30 November 2011
The new low-cost air terminal, or KLIA2, that is taking shape next to KLIA will nearly doubled its original size and will cost nearly twice its initial costing of RM2 billion to between RM3.6 billion and RM3.9 billion.
The increase in the size and cost will cater to 45 million passengers and is being built by Malaysia Airports Holdings Bhd (MAHB).
MAHB managing director Tan Sri Bashir Ahmad said it was slated for commercial operations in April 2013.
Speaking to the media yesterday, Bashir said the new airport was 40% complete, would have a 4km runway instead of the earlier planned 2.5km, a fully-automated baggage system, a new air control tower, 68 gates and eight remote stands.
The original size of the two-storey terminal building was 150,000 sqm but to cater to government requirement to segregate domestic and international passengers, it has been upgraded to nine storeys on a 257,000 sqm site.
It will have the most modern facilities and amenities to cater to future growth.
Base on the original design the airport could only cater to 30 million passengers.
Bashir also announced that the airport would have aerobridges and it was up to the airlines to use them. This is a decision the majority of the travelling public has been waiting for but AirAsia boss Tan Sri Tony Fernandes poured cold water on it by saying yesterday that “we will not use the aerobridges.”
MAHB has come under fire over allegations of cost over-runs and delivery dates but Bashir said that “KLIA is built as a national infrastructure asset to cater to the needs of airlines, Government, public and the airport.
As a result of these requirements, KLIA2 has been significantly upgraded with superior facilities compared with the original design.”
Bashir added therefore the issue of cost over-runs did not arise.
He cited the runway and baggage system as a case of requests made by airlines and to meet that meant additional investment and time taken to expand the runway. It is also increasing commercial space by 50,000 sqm.
“The longer runaway allows airlines to cruise longer and use less fuel,” he told a packed room of reporters who were earlier taken for a tour of the KLIA2 construction site.
Similarly, the adding of a fully-automated baggage system had also pushed the timeline to 2013 from October 2012 and the request, he said, “only came in June this year.”
For that the terminal building needs to be hacked and that involves the size of a “football field.”
|Items||Provisional (Feb' 2009)
RM3.6 - RM3.9 billion
|Increase in scope %|
|1. Terminal building||150,000 sqm||257,000 sqm||71.3%|
|2. Aircraft stand||Area - 500,000 sqm
50 semi contact stands
|Area - 803,709 sqm
8 remote stands
|3. Earthworks||Area: 4.85 mil sqm||Area: 11.19 mil sqm||130.7%|
|4. Runaway 3, Taxiway
Pavement & AGL System
|5. DCA Facilities||Apron Control Tower
|Air Traffic Control Tower
115.4% (nav. alds)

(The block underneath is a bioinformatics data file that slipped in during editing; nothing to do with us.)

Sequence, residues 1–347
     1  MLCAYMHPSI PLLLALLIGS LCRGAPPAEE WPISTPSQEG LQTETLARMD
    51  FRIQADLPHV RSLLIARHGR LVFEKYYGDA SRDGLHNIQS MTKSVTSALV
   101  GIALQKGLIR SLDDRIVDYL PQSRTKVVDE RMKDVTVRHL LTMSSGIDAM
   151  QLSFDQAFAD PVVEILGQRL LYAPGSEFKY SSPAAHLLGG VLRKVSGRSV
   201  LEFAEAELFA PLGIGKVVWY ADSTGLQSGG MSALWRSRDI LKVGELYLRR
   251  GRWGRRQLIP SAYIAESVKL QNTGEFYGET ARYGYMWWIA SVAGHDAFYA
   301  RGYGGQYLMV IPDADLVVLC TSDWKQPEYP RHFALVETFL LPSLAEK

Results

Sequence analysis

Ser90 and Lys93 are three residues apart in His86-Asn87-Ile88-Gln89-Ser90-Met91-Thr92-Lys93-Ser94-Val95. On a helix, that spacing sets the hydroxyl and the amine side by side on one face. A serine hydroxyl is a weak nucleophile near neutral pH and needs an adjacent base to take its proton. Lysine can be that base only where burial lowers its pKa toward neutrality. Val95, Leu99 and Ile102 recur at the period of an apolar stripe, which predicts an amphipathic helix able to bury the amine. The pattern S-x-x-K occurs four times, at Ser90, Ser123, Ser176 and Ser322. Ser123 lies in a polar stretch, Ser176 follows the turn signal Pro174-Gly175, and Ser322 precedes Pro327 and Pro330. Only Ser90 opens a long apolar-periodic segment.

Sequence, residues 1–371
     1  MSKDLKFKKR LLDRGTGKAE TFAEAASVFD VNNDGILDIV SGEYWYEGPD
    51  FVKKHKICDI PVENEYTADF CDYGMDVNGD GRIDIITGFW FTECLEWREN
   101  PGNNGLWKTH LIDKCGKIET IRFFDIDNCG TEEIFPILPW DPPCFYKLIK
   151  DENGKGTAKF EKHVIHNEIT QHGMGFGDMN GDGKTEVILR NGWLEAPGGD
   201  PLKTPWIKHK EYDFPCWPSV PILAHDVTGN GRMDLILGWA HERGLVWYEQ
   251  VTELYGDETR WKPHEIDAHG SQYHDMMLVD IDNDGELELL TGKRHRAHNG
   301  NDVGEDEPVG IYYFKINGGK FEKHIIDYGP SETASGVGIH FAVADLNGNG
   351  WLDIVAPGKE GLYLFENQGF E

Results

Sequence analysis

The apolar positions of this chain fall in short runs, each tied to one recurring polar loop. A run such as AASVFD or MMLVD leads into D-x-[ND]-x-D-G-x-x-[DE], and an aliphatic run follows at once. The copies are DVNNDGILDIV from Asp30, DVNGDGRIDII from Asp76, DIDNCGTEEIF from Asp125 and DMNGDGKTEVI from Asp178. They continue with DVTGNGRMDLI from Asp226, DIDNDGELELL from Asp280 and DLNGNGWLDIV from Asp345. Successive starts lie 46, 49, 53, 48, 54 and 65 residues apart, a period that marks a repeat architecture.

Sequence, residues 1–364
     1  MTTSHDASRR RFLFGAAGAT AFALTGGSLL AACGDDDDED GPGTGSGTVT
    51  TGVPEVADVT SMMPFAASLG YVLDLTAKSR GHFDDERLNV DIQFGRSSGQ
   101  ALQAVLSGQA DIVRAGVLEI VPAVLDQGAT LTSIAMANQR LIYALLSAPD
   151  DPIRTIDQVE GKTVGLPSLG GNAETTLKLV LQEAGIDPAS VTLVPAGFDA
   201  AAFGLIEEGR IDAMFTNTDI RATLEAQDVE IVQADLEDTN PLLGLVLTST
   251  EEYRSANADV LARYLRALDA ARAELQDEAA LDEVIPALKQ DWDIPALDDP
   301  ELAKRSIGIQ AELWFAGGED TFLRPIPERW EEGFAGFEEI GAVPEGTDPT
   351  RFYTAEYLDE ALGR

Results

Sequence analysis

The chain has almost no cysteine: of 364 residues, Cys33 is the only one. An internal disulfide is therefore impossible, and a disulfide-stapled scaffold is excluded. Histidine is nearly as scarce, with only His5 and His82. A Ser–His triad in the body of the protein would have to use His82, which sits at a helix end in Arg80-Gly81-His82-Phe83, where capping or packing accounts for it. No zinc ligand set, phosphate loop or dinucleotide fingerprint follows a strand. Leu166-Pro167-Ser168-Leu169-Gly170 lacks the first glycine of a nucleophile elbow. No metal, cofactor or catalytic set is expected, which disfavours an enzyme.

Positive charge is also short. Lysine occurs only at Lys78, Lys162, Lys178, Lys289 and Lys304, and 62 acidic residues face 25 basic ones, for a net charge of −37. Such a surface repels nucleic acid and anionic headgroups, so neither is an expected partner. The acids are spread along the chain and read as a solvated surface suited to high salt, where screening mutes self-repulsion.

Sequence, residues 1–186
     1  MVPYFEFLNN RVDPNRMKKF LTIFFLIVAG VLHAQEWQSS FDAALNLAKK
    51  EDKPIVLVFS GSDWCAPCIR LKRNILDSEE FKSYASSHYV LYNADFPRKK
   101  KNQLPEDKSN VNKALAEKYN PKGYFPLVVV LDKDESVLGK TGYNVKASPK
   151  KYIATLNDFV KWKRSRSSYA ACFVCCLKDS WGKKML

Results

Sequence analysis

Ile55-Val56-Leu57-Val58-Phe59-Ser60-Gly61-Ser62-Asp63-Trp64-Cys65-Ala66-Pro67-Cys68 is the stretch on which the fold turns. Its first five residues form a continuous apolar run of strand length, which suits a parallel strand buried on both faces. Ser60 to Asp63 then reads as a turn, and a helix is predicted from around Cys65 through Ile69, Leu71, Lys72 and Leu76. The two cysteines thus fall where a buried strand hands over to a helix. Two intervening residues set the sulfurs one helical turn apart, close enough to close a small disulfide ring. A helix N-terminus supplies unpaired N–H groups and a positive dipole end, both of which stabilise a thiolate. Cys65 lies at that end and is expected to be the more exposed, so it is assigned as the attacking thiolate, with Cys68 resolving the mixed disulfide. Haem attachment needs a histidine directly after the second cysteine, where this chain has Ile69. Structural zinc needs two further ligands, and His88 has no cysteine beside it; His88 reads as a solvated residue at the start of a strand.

|6. Public Infrastructure||Length: 8.0km
With 1.5km elevated road
With 5.4km elevated road
Commenting on the higher cost of the new airport, Bashir said “when you increase the scope by so much, certainly cost will be incurred. We are building a better place and it will be the icon for low-cost travel in the world.”
He added that it was not uncommon to change the design when construction was ongoing.
Bashir also denied the notion that the higher cost to build a bigger airport would result in higher passenger service charges (PSC) for KLIA. He said it would remain the same as the current low-cost carrier terminal (LCCT). The fees were regulated by the Government and the next review was only in 2014. The Government allowed MAHB to raise the PSC recently and a RM7 increase for LCCT to RM32 was obtained after a nine-year request.
Contrary to suggestions that public money is used to build KLIA, Bashir said MAHB was funding the project.
“We are even paying the Government to build the public infrastructure and air control tower costing RM530mil,” he said.
MAHB, which has a AAA rating from RAM Ratings, has only drawn down RM2.5 billion from the RM3.1 billion raised from the sukuk it issued.
“We have several options in terms of raising additional funds including internal funds, debt and going to the equity markets,” chief financial officer Faizal Mansor said when asked how MAHB will source for more funds to complete the job. Bashir expects MAHB to break even almost immediately when KLIA2 opens for commercial operations.
He said MAHB had also completed earthworks for “AirAsia to have its building with apron access and this is a special dispensation. It would also have its own parking facilities and Tune Hotel. We have tried as much as possible to meet the requirements of our partners. We have also been very professional with our partners.”
The entire project has 42 contractors. Asked why the need for so many, Bashir said it was part of the stimulus package. The airport will have a Express Rail Link with the potential to be connected to KTM in the future
Asked to comment on a report that he would be replaced, Bashir said: “How would you like me to answer that?”